At the outset, the Court recalled that its supervisory role in relation to the ICAO Council involves determining “whether the impugned decision is correct” (para. 36). The Court determined that in this case it had to decide whether the Council erred in rejecting the Appellants’ preliminary objections concerning jurisdiction and admissibility. By defining its supervisory role in this manner, the Court implicitly rejected the Appellants’ argument that an appeal under Article 84 of the Chicago Convention may encompass procedural complaints about denial of due process, as well as questions of law.

The remainder of the judgments concerns the Appellants’ three grounds of appeal against the Council's June 2018 decision. The Appellants submitted that: (1) the Council's decision should be set aside because it was “manifestly flawed and in violation of fundamental principles of due process and the right to be heard” (para. 37); (2) the Council lacked jurisdiction (or in the alternative Qatar's claims were inadmissible) because a decision on the merits of the dispute would require the Council to rule on questions that fall outside of its jurisdiction; and (3) Qatar had failed to satisfy the precondition of negotiation, as set out in the Chicago Convention and the IASTA.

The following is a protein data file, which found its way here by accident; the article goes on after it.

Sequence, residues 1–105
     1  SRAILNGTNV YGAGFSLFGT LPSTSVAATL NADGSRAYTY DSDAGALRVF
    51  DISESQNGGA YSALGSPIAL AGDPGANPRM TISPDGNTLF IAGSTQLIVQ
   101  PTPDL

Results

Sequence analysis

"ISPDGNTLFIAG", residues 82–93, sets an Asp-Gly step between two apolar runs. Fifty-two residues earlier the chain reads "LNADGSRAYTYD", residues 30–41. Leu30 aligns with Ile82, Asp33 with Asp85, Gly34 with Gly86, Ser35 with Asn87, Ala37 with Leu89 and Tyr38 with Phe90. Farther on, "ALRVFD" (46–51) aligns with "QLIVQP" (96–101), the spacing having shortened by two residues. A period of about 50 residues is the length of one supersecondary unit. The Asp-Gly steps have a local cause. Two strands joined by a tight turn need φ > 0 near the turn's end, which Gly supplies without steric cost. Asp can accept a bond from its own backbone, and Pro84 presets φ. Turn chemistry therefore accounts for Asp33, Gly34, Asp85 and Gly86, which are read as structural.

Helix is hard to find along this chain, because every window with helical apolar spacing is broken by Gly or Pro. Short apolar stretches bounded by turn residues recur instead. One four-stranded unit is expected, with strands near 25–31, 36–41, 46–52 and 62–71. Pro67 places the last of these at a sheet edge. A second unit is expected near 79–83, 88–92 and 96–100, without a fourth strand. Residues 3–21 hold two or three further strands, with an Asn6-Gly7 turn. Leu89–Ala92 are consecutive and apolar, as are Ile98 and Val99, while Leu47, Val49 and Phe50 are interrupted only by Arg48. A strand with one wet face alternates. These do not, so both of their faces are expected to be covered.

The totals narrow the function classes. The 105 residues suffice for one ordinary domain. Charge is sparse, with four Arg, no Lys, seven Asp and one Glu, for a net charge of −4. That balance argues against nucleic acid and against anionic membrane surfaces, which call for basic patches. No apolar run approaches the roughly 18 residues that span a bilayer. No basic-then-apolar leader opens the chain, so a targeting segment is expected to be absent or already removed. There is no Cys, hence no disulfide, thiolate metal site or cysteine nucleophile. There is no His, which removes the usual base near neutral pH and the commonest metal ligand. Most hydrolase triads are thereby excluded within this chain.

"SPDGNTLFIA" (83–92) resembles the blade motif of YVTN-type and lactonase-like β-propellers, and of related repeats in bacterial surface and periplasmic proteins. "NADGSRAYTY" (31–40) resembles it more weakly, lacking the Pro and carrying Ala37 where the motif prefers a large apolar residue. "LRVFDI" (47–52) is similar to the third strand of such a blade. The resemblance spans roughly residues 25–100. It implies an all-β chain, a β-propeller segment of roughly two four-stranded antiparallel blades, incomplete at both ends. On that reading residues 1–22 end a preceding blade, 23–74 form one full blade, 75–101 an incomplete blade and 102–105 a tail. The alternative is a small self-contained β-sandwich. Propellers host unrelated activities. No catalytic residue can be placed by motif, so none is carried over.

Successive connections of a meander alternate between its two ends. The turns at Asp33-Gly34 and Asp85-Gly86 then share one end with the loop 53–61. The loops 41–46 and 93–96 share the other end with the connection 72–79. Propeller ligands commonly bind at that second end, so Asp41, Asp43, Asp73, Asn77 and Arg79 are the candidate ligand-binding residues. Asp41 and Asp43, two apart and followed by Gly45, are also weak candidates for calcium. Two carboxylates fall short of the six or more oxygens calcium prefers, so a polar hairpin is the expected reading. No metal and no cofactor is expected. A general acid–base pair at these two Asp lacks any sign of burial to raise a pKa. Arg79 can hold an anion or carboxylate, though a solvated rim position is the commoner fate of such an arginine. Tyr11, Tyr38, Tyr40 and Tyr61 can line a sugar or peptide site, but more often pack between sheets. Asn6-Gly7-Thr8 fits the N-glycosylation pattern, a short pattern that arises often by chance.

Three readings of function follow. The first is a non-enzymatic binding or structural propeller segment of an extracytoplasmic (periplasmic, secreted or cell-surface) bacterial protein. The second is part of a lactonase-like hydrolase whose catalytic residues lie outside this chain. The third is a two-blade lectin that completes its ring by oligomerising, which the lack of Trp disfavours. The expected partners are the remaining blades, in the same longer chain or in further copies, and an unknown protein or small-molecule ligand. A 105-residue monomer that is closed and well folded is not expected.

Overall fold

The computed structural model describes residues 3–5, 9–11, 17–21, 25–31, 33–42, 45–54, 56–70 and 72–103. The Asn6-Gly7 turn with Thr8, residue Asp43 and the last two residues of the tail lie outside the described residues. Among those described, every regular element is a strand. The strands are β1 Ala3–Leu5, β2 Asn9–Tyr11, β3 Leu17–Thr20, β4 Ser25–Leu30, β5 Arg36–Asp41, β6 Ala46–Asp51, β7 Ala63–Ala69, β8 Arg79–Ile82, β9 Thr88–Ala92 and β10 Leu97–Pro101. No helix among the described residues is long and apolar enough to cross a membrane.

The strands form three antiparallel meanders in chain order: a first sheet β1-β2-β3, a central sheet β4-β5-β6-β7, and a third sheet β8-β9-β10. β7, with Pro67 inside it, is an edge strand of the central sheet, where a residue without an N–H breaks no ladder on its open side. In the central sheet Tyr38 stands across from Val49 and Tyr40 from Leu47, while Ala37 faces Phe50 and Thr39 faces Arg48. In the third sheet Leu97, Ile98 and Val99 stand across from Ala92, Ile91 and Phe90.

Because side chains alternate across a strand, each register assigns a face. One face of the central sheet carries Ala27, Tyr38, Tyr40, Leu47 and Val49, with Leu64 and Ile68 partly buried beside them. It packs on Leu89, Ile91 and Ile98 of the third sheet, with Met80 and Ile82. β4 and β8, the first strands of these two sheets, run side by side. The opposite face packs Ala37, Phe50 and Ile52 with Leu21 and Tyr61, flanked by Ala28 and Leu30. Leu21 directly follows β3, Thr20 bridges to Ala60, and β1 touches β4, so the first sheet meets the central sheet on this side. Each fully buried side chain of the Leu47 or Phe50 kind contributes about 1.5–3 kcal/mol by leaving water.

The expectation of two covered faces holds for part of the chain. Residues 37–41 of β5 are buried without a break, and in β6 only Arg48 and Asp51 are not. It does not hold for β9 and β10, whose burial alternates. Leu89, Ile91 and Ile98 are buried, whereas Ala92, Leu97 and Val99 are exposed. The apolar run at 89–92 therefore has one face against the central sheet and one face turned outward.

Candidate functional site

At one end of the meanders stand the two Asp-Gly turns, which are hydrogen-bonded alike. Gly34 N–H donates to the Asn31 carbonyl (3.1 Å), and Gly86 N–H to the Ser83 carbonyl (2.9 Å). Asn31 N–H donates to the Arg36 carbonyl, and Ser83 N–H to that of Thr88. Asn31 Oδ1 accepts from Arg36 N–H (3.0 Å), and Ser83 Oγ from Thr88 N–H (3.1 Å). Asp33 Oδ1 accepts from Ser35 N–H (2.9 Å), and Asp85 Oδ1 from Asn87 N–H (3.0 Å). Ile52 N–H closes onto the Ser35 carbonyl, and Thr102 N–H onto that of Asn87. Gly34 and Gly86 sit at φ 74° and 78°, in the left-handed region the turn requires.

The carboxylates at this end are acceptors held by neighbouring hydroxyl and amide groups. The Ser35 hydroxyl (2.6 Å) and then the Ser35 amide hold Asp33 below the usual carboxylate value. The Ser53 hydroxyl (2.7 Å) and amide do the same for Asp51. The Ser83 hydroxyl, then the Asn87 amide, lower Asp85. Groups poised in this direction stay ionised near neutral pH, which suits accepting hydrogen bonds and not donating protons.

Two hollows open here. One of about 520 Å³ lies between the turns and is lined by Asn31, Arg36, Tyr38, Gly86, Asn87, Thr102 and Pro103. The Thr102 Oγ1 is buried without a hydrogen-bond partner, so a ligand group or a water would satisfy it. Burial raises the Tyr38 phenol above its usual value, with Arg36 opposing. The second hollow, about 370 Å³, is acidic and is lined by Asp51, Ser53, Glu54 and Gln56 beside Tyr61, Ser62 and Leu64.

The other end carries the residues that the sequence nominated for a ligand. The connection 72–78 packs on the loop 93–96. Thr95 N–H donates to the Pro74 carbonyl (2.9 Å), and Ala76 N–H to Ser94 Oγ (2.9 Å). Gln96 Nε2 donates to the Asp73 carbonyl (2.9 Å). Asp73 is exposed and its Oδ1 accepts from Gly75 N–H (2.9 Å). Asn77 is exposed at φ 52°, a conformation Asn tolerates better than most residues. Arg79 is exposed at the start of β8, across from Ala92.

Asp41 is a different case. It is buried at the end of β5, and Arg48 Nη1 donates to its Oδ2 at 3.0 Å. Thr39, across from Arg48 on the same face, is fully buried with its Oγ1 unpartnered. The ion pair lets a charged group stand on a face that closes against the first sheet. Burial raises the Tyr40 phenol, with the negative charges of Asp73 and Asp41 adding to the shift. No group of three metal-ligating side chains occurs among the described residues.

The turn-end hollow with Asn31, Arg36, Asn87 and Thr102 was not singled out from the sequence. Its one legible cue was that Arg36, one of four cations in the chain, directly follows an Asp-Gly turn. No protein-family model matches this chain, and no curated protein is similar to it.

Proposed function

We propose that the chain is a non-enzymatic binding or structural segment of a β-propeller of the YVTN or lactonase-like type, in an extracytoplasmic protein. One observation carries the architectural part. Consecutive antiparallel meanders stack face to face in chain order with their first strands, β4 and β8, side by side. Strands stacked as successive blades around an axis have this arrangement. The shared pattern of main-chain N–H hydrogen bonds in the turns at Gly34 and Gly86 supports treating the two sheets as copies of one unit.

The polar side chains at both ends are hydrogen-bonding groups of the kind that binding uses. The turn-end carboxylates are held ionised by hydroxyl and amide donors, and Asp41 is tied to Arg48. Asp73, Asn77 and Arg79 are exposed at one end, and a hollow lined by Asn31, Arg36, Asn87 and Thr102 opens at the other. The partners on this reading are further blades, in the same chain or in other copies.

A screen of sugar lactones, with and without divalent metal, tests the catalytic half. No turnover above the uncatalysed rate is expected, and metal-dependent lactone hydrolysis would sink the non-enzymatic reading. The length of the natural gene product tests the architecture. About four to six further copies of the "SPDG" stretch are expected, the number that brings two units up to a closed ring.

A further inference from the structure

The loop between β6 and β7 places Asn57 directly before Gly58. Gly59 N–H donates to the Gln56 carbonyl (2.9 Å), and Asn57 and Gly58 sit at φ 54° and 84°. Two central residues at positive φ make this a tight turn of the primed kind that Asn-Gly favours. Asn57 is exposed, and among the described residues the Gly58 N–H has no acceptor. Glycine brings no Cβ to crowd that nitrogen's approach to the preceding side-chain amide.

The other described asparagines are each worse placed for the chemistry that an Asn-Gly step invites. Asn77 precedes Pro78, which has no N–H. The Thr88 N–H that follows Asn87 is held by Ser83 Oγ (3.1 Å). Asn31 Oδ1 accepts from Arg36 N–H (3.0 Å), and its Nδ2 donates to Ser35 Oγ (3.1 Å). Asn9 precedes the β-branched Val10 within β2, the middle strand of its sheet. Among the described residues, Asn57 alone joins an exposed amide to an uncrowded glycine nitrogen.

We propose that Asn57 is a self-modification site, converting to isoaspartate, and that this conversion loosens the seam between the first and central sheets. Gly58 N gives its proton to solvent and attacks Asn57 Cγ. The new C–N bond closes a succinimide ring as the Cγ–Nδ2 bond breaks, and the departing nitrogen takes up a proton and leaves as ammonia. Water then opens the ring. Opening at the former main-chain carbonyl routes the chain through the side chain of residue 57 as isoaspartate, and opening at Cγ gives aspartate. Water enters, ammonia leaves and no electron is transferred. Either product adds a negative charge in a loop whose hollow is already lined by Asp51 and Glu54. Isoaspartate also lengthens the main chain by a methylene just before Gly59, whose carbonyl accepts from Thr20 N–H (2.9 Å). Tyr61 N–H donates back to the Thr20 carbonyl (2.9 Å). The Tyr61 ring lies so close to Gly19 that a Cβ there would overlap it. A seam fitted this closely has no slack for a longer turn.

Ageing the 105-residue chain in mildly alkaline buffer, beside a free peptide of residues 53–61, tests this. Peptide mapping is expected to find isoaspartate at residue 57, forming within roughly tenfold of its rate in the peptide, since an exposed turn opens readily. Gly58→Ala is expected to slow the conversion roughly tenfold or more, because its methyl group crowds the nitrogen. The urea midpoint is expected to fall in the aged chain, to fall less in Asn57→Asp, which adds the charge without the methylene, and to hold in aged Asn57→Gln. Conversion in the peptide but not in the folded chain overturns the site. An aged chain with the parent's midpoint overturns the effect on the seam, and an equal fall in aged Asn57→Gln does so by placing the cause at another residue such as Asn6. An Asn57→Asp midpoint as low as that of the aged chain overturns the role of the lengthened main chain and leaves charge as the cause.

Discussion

The Court decided initially to examine the second and third grounds of appeal. The Appellants’ second ground of appeal was that the ICAO Council could not resolve Qatar's claims regarding the lawfulness of the civil aviation restrictions without dealing with the “wider dispute” between the parties, over which the Council lacks competence (para. 42). The wider dispute, according to the Appellants, involved Qatar's alleged violations of the Riyadh Agreements.